Stonington presses pause on short-term rentals, says it won’t rush regulations

Stonington presses pause on short-term rentals, says it won’t rush regulations


STONINGTON — The Planning Department will not be taking any action on short-term rentals at this time and has decided to monitor the issue for a while before deciding on a course of action going forward.

Director of Planning Jason Vincent said the decision came after the Planning and Zoning Commission checked with the town attorney and decided short-term rentals are not regulated through the town’s zoning code. The department also learned that many of the 15-plus complaints it received last year regarding Airbnb and Vacation Rental By Owner (VRBO) in town did not include documentation to support the complaint.

Vincent said that considering the volume of activity, many of the complaints turned out to be about something other than just short-term rentals. From what they learned, there were sometimes other issues at play, often involving people or neighbors who didn’t get along or who believed that the rentals were not complying with town rules and should be penalized.

“If we did something now, like create some sort of ordinance, we could potentially be creating a law based on perception rather than on reality,” he said. “We have heard some anecdotal stories and some of them didn’t prove to be true. What we are looking to do now is monitor the activity so we’re aware of what’s going on, can start collecting data and can react to data instead of assumptions.”

At the moment, complaints about short-term rentals are not being acted upon.

Vincent said that he recently had a meeting with Police Chief Darren Stewart, who said he hasn’t heard of any problems and that no one has attributed any of their calls to the department to issues with short-term rentals.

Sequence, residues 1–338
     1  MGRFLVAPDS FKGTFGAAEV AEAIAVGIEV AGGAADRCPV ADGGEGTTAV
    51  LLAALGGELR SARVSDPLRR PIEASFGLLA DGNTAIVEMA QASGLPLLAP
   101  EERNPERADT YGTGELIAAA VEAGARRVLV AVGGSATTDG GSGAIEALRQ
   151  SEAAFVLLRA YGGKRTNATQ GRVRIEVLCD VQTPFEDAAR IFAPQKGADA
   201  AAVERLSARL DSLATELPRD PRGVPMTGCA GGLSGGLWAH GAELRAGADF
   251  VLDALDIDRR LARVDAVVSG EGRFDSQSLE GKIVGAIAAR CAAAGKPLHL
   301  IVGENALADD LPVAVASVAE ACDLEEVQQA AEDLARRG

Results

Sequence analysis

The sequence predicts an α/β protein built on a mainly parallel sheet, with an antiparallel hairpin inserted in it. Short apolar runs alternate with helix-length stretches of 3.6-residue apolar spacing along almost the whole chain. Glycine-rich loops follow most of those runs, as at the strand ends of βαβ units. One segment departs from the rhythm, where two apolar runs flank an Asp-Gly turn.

“We’ve received two legitimate complaints, while the bulk of them were from one person who felt short-term rentals were violating town rules,” Vincent said. “The topic has been given a lot of attention in the community and so we will be giving more attention to it but will not be taking any action until we have better data.”

First Selectman Rob Simmons said he’s keeping an open mind about short-term rentals and that it’s a question that needs to be discussed further. Simmons and his wife, Heidi, have a condo in Vermont that they rent out on a short-term basis when they are not using it.

“There are arguments on both sides and I don’t think anybody wants to see an abuse of the privilege,” he said. “The main question in my mind is, do we need to regulate this? I think the Board of Selectmen will discuss this at some point in the future.”

At the moment, no organization or commission in town is proposing an ordinance to regulate short-term rentals.

Bob Hannon, organizer of the Stonington Short Term Renters Association, said that at the moment, the group is comfortable self-regulating and feels that the online platforms of Airbnb and VRBO allow landlords to adequately vet tenants before they rent to them.

“We don’t see any issues right now and it turns out that the majority of the issues we’ve heard about noise and having too many people stay at these properties haven’t even involved short-term rentals,” he said. “I have yet to encounter an issue and I’ve been doing this for two years. We’re looking for them but haven’t found any yet.”

If the Board of Selectmen decides it wants to design an ordinance to regulate short-term rentals, Hannon said the association would want to work with them to make sure it’s in everyone’s best interest. At this point, the group doesn’t feel an ordinance is necessary, as there haven’t been any incidences of damage to property or excessive noise.

“If the selectmen think it’s warranted, we want to be a part of the conversation,” he said. “This issue is probably not going away and we certainly don’t want there to be an incident, so we are using the review system on the Airbnb and VRBO websites to self-regulate and make sure we are renting to people with excellent reviews.”

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